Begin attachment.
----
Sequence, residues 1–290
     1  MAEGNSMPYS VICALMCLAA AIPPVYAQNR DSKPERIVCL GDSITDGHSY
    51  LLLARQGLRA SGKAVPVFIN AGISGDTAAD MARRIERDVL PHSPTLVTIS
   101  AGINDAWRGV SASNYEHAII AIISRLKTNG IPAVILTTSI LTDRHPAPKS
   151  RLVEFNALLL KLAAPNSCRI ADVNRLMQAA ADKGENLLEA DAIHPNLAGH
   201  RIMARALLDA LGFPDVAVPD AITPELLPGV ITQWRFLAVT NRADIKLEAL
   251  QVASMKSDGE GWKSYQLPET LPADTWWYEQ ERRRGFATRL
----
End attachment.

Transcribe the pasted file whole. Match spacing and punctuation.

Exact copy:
Sequence, residues 1–290
     1  MAEGNSMPYS VICALMCLAA AIPPVYAQNR DSKPERIVCL GDSITDGHSY
    51  LLLARQGLRA SGKAVPVFIN AGISGDTAAD MARRIERDVL PHSPTLVTIS
   101  AGINDAWRGV SASNYEHAII AIISRLKTNG IPAVILTTSI LTDRHPAPKS
   151  RLVEFNALLL KLAAPNSCRI ADVNRLMQAA ADKGENLLEA DAIHPNLAGH
   201  RIMARALLDA LGFPDVAVPD AITPELLPGV ITQWRFLAVT NRADIKLEAL
   251  QVASMKSDGE GWKSYQLPET LPADTWWYEQ ERRRGFATRL